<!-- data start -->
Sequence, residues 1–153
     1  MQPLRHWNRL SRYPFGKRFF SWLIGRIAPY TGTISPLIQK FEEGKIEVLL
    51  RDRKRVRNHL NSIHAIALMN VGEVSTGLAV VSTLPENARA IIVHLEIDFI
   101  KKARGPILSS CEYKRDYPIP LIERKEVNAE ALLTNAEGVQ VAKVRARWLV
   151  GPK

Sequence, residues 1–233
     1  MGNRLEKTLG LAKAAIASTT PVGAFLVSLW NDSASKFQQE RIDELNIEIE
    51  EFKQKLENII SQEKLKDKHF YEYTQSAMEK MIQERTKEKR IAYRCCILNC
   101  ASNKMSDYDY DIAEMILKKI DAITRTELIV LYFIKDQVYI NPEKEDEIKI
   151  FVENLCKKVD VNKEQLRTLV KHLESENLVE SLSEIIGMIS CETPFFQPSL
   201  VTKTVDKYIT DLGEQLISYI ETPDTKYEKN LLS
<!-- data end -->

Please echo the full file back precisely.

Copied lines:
Sequence, residues 1–153
     1  MQPLRHWNRL SRYPFGKRFF SWLIGRIAPY TGTISPLIQK FEEGKIEVLL
    51  RDRKRVRNHL NSIHAIALMN VGEVSTGLAV VSTLPENARA IIVHLEIDFI
   101  KKARGPILSS CEYKRDYPIP LIERKEVNAE ALLTNAEGVQ VAKVRARWLV
   151  GPK

Sequence, residues 1–233
     1  MGNRLEKTLG LAKAAIASTT PVGAFLVSLW NDSASKFQQE RIDELNIEIE
    51  EFKQKLENII SQEKLKDKHF YEYTQSAMEK MIQERTKEKR IAYRCCILNC
   101  ASNKMSDYDY DIAEMILKKI DAITRTELIV LYFIKDQVYI NPEKEDEIKI
   151  FVENLCKKVD VNKEQLRTLV KHLESENLVE SLSEIIGMIS CETPFFQPSL
   201  VTKTVDKYIT DLGEQLISYI ETPDTKYEKN LLS